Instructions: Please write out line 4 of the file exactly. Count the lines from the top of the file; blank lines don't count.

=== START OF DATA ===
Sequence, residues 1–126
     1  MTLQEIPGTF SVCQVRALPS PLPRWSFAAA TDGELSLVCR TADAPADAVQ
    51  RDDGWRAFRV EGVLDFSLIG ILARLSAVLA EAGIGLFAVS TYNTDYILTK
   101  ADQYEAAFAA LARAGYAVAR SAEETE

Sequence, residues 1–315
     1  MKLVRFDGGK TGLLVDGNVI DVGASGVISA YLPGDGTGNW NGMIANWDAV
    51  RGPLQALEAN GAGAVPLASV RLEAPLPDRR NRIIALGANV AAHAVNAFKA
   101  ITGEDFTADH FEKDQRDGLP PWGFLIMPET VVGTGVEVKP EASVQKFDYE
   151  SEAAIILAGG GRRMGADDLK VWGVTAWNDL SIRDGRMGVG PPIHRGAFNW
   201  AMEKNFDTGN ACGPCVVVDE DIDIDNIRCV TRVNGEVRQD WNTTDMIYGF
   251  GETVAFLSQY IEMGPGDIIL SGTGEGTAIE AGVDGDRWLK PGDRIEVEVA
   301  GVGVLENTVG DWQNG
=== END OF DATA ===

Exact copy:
   101  ADQYEAAFAA LARAGYAVAR SAEETE